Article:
2. If both the Registrar and the Deputy-Registrar are unable to carry out the duties of Registrar, the President shall appoint an official of the Registry to discharge those duties for such time as may be necessary. If both offices are vacant at the same time, the President, after consulting the Members of the Court, shall appoint an official of the Registry to discharge the duties of Registrar pending an election to that office.
1. The Registry shall comprise the Registrar, the Deputy-Registrar, and such other staff as the Registrar shall require for the efficient discharge of his functions.
2. The Court shall prescribe the organization of the Registry, and shall for this purpose request the Registrar to make proposals.
3. Instructions for the Registry shall be drawn up by the Registrar and approved by the Court.
4. The staff of the Registry shall be subject to Staff Regulations drawn up by the Registrar, so far as possible in conformity with the United Nations Staff Regulations and Staff Rules, and approved by the Court.
1. The Registrar may be removed from office only if, in the opinion of two-thirds of the Members of the Court, he has either become permanently incapacitated from exercising his functions, or has committed a serious breach of his duties.
2. Before a decision is taken under this Article, the Registrar shall be informed by the President of the action contemplated, in a written statement which shall include the grounds therefor and any relevant evidence. He shall subsequently, at a private meeting of the Court, be afforded an opportunity of making a statement, of furnishing any information or explanations he wishes to give, and of supplying answers, orally or in writing, to any questions put to him.
3. The Deputy-Registrar may be removed from office only on the same grounds and by the same procedure.
PROCEEDINGS IN CONTENTIOUS CASES
Section A. Communications to the Court and Consultations
All communications to the Court under these Rules shall be addressed to the Registrar unless otherwise stated. Any request made by a party shall likewise be addressed to the Registrar unless made in open court in the course of the oral proceedings.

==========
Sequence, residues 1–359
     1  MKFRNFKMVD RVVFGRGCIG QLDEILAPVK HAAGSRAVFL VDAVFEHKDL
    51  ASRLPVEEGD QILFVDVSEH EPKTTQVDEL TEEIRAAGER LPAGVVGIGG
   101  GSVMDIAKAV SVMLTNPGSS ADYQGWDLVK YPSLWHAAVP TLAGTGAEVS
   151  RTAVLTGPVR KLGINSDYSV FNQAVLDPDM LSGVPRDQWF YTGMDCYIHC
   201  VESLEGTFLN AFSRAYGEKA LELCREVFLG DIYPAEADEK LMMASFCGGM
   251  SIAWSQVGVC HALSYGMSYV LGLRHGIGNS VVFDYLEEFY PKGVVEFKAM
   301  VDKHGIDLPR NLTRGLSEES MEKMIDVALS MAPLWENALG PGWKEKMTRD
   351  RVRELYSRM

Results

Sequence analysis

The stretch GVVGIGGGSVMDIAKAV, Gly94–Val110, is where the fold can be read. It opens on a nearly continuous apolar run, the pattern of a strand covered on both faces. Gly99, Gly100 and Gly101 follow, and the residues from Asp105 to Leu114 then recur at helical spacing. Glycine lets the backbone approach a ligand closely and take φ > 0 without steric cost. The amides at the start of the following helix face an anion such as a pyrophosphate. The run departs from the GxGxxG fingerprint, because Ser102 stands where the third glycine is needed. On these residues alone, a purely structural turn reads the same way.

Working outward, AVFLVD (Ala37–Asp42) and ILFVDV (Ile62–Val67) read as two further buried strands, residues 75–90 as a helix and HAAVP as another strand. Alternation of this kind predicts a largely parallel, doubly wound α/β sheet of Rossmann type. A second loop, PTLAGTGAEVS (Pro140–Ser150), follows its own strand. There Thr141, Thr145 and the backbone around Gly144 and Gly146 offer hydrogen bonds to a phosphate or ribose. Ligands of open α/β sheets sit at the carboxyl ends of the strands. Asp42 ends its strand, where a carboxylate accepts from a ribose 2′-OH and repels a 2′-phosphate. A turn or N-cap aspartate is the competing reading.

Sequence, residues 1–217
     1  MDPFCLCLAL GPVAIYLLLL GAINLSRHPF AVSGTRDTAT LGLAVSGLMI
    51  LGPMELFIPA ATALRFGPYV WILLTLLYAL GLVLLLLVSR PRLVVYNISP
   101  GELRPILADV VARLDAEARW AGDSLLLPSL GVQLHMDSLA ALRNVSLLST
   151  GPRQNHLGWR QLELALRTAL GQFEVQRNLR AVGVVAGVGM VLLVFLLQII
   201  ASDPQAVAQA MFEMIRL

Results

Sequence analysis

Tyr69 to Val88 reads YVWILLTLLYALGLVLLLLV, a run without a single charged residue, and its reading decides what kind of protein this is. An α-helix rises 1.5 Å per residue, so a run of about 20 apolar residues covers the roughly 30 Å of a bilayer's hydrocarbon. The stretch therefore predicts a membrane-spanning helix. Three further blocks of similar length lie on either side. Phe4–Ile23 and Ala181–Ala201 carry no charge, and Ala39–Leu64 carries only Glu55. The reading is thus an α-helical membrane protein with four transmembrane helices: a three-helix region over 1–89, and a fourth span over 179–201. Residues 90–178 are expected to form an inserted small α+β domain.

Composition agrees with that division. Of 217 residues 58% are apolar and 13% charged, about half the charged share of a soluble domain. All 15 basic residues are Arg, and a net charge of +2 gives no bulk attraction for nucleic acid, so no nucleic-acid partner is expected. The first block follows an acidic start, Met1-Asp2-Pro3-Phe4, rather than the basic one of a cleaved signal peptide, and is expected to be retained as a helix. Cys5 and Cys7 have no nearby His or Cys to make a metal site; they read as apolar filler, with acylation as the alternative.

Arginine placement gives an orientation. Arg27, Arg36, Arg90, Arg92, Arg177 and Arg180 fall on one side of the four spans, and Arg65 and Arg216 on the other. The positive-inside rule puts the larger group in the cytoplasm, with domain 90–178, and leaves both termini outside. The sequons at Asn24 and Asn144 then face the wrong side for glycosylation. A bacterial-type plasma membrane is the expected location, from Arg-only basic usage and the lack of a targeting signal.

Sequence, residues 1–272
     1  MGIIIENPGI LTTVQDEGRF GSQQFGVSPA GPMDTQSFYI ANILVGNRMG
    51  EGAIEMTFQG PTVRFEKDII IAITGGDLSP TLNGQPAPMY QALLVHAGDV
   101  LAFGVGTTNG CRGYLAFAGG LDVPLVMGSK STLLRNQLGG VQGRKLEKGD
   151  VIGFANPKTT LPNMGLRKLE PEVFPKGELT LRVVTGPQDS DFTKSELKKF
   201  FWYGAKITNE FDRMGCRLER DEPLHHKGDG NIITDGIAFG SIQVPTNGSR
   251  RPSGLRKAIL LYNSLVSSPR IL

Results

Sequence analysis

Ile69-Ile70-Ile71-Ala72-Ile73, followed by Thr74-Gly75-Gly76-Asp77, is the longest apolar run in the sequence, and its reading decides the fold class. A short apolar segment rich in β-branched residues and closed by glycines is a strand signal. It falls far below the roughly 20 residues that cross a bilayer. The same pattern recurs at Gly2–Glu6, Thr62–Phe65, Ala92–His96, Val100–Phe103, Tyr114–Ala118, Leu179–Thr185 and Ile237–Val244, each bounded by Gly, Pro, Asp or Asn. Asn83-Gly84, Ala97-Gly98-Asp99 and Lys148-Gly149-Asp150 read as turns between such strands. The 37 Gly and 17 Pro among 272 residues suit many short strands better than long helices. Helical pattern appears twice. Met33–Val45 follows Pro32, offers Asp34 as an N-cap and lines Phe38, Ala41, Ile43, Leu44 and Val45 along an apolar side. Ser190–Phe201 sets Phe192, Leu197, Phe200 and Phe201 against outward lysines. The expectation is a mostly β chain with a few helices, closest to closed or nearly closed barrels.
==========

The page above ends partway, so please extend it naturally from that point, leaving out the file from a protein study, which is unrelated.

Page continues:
In every case submitted to the Court, the President shall ascertain the views of the parties with regard to questions of procedure. For this purpose he shall summon the agents of the parties to meet him as soon as possible after their appointment, and whenever necessary thereafter.
Section B. The Composition of the Court
for Particular Cases
1. If the President of the Court is a national of one of the parties in a case he shall not exercise the functions of the presidency in respect of that case. The same rule applies to the Vice-President, or to the senior judge, when called on to act as President.
2. The Member of the Court who is presiding in a case on the date on which the Court convenes for the oral proceedings shall continue to preside in that case until completion of the current phase of the case, notwithstanding the election in the meantime of a new President or Vice-President. If he should become unable to act, the presidency for the case shall be determined in accordance with Article 13 of these Rules, and on the basis of the composition of the Court on the date on which it convened for the oral proceedings.
Except as provided in Article 17 of these Rules, Members of the Court who have been replaced, in accordance with Article 13, paragraph 3, of the Statute following the expiration of their terms of office, shall discharge the duty imposed upon them by that paragraph by continuing to sit until the completion of any phase of a case in respect of which the Court convenes for the oral proceedings prior to the date of such replacement.
1. In case of any doubt arising as to the application of Article 17, paragraph 2, of the Statute or in case of a disagreement as to the application of Article 24 of the Statute, the President shall inform the Members of the Court, with whom the decision lies.
2. If a party desires to bring to the attention of the Court facts which it considers to be of possible relevance to the application of the provisions of the Statute mentioned in the previous paragraph, but which it believes may not be known to the Court, that party shall communicate confidentially such facts to the President in writing.
1. If a party proposes to exercise the power conferred by Article 31 of the Statute to choose a judge ad hoc in a case, it shall notify the Court of its intention as soon as possible. If the name and nationality of the judge selected are not indicated at the same time, the party shall, not later than two months before the time-limit fixed for the filing of the Counter-Memorial, inform the Court of the name and nationality of the person chosen and supply brief biographical details. The judge ad hoc may be of a nationality other than that of the party which chooses him.
2. If a party proposes to abstain from choosing a judge ad hoc, on condition of a like abstention by the other party, it shall so notify the Court which shall inform the other party. If the other party thereafter gives notice of its intention to choose, or chooses, a judge ad hoc, the time-limit for the party which has previously abstained from choosing a judge may be extended by the President.
3. A copy of any notification relating to the choice of a judge ad hoc shall be communicated by the Registrar to the other party, which shall be requested to furnish, within a time-limit to be fixed by the President, such observations as it may wish to make. If within the said time-limit no objection is raised by the other party, and if none appears to the Court itself, the parties shall be so informed.